President George W. Bush said Tuesday he felt personally “responsible” for the slow and mismanaged response by the federal government concerning Hurricane Katrina. It is refreshing to see such honesty from a president who in the past refused point blank to discuss even the possibility of his shortcomings. The gesture is definitely commendable.
For many Americans though, the gesture may be too little, too late. In polls conducted by both Newsweek and Time magazine, the president’s approval ratings have fallen to an all-time low of 38 percent. Two thirds of the Americans polled also said they were not happy with the president’s leadership concerning Hurricane Katrina, making it likely his plummeting approval ratings have a lot to do with his administration’s most recent mismanagement.
It’s also logical to assume the discontent concerning the president is even more widespread in those areas that could not be polled because they have been all but wiped out by Katrina.
Those Americans will likely question Bush’s honesty and motive.
The way in which the president finally leveled with an increasingly annoyed American public could also have been better. In fact, the way in which it was done only further highlighted past mistakes that are still regularly brushed aside.
Nobody expected Bush’s mea culpa to be as flashy as past press events that routinely included big productions, such as the president strutting around on an aircraft carrier or a speech in front of the Statue of Liberty, especially illuminated solely for this occasion.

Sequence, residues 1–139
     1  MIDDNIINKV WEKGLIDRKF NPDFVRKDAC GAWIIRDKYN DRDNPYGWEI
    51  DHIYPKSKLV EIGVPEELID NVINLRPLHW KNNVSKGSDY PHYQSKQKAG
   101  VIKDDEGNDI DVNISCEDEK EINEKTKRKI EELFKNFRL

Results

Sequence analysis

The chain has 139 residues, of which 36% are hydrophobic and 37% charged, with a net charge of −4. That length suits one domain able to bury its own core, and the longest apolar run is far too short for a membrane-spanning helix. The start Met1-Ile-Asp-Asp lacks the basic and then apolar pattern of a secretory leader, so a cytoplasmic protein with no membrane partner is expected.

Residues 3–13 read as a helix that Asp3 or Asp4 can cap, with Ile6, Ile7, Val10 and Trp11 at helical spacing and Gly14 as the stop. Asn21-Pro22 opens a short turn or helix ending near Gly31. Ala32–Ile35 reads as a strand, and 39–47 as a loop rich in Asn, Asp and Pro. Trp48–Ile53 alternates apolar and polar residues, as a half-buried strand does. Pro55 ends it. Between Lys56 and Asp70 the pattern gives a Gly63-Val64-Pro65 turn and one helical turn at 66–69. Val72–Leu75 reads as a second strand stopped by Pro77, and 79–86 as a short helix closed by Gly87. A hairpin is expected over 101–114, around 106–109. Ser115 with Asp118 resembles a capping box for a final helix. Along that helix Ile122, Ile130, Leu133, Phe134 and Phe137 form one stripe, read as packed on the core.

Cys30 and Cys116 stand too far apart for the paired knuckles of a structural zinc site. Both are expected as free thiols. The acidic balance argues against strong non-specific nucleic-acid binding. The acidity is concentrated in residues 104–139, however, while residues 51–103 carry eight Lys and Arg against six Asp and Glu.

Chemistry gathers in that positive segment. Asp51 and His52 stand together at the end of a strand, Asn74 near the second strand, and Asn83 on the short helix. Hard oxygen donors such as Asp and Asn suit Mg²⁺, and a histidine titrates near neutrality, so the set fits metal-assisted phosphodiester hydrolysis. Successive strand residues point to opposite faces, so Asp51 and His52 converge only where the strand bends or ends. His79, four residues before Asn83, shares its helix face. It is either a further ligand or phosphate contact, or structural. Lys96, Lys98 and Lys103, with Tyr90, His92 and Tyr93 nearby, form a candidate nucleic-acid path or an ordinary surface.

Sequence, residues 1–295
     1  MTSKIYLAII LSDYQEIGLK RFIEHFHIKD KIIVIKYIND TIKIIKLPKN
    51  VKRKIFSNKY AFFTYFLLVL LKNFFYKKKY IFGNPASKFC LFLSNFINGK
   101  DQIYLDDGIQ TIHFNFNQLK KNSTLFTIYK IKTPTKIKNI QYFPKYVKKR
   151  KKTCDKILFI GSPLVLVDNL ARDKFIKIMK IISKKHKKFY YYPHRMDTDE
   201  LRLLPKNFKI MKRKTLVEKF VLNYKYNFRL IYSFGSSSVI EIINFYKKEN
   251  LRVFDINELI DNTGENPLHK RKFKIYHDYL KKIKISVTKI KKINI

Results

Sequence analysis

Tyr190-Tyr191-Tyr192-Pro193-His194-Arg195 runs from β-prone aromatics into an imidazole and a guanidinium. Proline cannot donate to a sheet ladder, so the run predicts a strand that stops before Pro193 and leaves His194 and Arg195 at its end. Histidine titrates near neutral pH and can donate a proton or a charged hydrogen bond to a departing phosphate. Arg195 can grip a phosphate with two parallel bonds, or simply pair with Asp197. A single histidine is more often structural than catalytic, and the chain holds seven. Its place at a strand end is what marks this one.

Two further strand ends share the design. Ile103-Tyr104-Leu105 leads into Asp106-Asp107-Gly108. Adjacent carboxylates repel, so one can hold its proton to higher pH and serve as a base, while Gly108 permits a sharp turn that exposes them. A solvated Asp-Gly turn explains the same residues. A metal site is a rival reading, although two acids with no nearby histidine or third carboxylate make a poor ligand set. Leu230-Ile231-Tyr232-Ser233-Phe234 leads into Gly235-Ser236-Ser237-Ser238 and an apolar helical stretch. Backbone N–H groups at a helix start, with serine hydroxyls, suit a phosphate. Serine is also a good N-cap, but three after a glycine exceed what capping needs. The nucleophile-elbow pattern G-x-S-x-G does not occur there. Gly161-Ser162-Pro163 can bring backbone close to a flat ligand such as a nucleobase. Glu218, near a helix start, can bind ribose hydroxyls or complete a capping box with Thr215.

In the past, Bush has refused to acknowledge any mistakes concerning the escalating situation in Iraq. Even when three separate reporters, during the same press conference, asked him if he could think of “any” mistakes or things he thought could have been handled better, Bush responded he couldn’t think of any. Bush then laughingly added the reporters should have let him know ahead of time they were going to ask him such questions.
Tuesday’s acknowledgement of mistakes concerning Katrina came at an event in which the president also greeted Iraqi President Jalal Talabani. Yet the president did not touch on the weapons of mass destruction never found in Iraq, even though his administration had pressured a nation into war touting that very premise.
Nevertheless Bush’s brush with honesty is a step in the right direction. It is a refreshing change from the usual hubris and platitudes that have averted any sense of personal responsibility on his case in the past.